On another forum, there was an allegation that President Obama abused his power when he vetoed the Bill that both Houses of Congress recently passed to eliminate what’s known as Obamacare, the national health care plan called The Affordable Care Act.
The allegation said, “Why should Congress make the effort to pass bills only to have them vetoed by the President? To say that this has been a ‘do nothing’ Congress is to ignore the fact that there hasn’t been anything they could do consistent with their beliefs and the beliefs of the people who elected them. If they did so, they would be betraying the trust of the voters.”
But the Framers of the Constitution, the Founding Fathers, gave every President of the United States the power to veto Bills passed by Congress and prevent the legislative branch from becoming too powerful. This is an illustration of the separation of powers integral to the U.S. Constitution.
While the word “veto” does not appear in the Constitution the power of the President to refuse to sign legislation is clearly outlined in the Constitution:
“Every Bill which shall have passed the House of Representatives and the Senate, shall, before it become a Law, be presented to the President of the United States: If he approve he shall sign it, but if not he shall return it, with his Objections to that House in which it shall have originated, who shall enter the Objections at large on their Journal, and proceed to reconsider it. If after such Reconsideration two thirds of that House shall agree to pass the Bill, it shall be sent, together with the Objections, to the other House, by which it shall likewise be reconsidered, and if approved by two thirds of that House, it shall become a Law.” – U.S. Constitution, Article I, Section 7, clause 2
Note, Article I was not added to the U.S. Constitution by an Amendment. Therefore the veto power of a U.S. President comes from the Founding Fathers as another method to control the abuse of power by another branch of the Federal government.
Therefore, President Obama has not abused his veto power. In fact, he has only used his Constitutional veto power 8 times and none were overridden with a two-thirds vote in both Houses of Congress as the U.S. Constitution spells out in detail.
In fact, G. W. Bush used his Constitutional veto power 12 times and 4 were overridden by both Houses of Congress.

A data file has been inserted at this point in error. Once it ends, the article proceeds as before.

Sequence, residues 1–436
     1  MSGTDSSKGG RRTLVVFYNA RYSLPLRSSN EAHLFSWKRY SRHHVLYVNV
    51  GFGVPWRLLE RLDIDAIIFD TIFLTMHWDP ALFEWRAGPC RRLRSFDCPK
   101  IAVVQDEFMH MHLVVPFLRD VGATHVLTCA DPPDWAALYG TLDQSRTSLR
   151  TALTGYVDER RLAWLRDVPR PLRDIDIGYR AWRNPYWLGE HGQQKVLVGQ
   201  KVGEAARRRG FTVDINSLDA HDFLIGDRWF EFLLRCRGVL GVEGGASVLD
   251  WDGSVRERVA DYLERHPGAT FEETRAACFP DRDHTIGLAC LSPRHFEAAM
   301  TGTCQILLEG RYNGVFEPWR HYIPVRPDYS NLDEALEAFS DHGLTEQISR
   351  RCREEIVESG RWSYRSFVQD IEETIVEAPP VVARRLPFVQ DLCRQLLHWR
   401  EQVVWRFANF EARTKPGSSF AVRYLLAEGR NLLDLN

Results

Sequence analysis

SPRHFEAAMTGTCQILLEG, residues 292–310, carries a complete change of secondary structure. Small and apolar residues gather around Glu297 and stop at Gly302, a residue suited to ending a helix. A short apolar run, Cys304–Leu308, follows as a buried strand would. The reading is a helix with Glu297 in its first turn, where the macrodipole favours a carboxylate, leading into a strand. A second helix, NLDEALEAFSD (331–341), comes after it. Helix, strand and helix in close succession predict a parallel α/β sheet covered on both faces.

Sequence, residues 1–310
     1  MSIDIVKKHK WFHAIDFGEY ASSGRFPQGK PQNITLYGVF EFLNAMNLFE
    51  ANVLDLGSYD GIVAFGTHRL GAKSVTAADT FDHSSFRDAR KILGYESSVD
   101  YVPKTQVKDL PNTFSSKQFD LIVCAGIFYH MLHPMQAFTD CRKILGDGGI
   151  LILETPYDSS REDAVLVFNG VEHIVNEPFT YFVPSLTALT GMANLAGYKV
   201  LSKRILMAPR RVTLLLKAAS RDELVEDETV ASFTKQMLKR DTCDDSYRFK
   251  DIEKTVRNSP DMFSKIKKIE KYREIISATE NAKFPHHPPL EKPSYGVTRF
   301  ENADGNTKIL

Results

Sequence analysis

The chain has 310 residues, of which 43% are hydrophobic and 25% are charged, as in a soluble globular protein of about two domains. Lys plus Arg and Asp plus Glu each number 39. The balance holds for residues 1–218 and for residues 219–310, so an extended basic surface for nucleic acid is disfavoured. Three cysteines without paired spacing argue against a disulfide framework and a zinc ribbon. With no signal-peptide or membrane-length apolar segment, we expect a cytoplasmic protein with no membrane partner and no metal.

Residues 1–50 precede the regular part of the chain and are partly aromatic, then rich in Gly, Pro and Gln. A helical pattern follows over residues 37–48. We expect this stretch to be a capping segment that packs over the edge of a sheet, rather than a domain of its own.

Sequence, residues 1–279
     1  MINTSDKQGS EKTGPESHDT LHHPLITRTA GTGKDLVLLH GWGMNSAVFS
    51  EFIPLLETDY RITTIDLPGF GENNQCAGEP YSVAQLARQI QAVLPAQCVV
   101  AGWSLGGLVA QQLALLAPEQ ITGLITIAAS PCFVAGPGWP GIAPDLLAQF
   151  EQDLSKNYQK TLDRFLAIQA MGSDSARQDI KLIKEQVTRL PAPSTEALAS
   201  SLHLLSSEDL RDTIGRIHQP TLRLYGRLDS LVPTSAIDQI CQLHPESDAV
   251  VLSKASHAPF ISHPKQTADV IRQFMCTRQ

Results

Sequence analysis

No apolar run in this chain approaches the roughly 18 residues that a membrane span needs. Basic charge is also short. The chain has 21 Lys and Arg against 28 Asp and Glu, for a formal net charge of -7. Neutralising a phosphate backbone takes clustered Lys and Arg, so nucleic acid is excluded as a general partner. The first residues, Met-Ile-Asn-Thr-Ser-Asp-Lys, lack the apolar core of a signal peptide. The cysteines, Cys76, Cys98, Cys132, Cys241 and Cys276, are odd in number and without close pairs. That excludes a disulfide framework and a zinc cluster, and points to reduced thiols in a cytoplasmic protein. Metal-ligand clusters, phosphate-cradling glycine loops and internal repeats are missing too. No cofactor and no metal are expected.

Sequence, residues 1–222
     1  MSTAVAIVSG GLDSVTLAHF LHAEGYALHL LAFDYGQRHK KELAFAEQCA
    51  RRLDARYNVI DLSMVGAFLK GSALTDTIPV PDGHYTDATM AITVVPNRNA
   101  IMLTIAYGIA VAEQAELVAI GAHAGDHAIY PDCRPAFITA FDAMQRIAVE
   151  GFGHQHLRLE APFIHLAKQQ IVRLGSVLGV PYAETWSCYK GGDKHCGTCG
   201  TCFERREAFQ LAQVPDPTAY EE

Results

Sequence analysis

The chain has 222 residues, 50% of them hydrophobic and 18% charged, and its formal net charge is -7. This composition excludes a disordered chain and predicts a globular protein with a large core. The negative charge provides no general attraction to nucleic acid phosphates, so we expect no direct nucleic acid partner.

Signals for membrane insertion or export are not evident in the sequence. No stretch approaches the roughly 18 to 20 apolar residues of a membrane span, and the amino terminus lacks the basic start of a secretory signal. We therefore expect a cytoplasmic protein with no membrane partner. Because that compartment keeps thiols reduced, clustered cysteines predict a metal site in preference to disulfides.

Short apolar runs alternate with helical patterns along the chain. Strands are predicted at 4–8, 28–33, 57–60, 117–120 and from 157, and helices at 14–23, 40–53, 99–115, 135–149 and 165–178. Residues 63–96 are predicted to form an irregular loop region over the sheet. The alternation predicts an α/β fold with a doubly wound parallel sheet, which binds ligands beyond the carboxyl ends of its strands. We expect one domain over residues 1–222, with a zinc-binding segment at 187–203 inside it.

President Bill Clinton used his veto power 37 times and 2 were overridden by Congress.
H. W. Bush used his Presidential veto power as written in the U.S. Constitutions by the Founding fathers 44 times and only 1 was overridden.
Ronald Reagan used his veto power 78 times and had 9 overridden by Congress.
In total, there have been 2,570 vetoes by U.S. Presidents and only 110 were overridden by Congress. There have only been six presidents who never used their veto power. Do you know who they were, and who used the Presidential veto the most?
Here’s the link to the list of Presidential vetoes all the way back to George Washington, who used his Constitutional veto power 2 times. If you are curious to discover if Congress overrode Washington’s 2 vetoes, you’ll have to click the link and scroll to the bottom of the list that is found on the U.S. Senate’s website.
If you are reading this Blog post and have read or heard that President Obama abused his power by using the presidential veto as it is spelled out in the U.S. Constitution, then whatever source you got this idea from is a liar and a fraud and cannot be trusted—ever.
Never forget what Abraham Lincoln, who used his veto power 7 times, said: “You can fool all the people some of the time, and some of the people all the time, but you cannot fool all the people all the time.”
Several presidents before Obama failed to get a national health care plan through Congress: for instance, Truman, Nixon, Carter and Clinton.
Do you remember the original question in the 2nd paragraph of this post: “Why should Congress make the effort to pass bills only to have them vetoed by the President?”
Well, since Obama has been President, Congress has enacted 1,080 laws and Obama vetoed EIGHT, less than one percent. – govtrack.us
Lloyd Lofthouse is a former U.S. Marine and Vietnam Veteran,
who taught in the public schools for thirty years (1975 – 2005).
Lofthouse’s first novel was the award winning historical fiction My Splendid Concubine [3rd edition]. His second novel was the award winning thriller Running with the Enemy followed by his award winning memoir Crazy is Normal.
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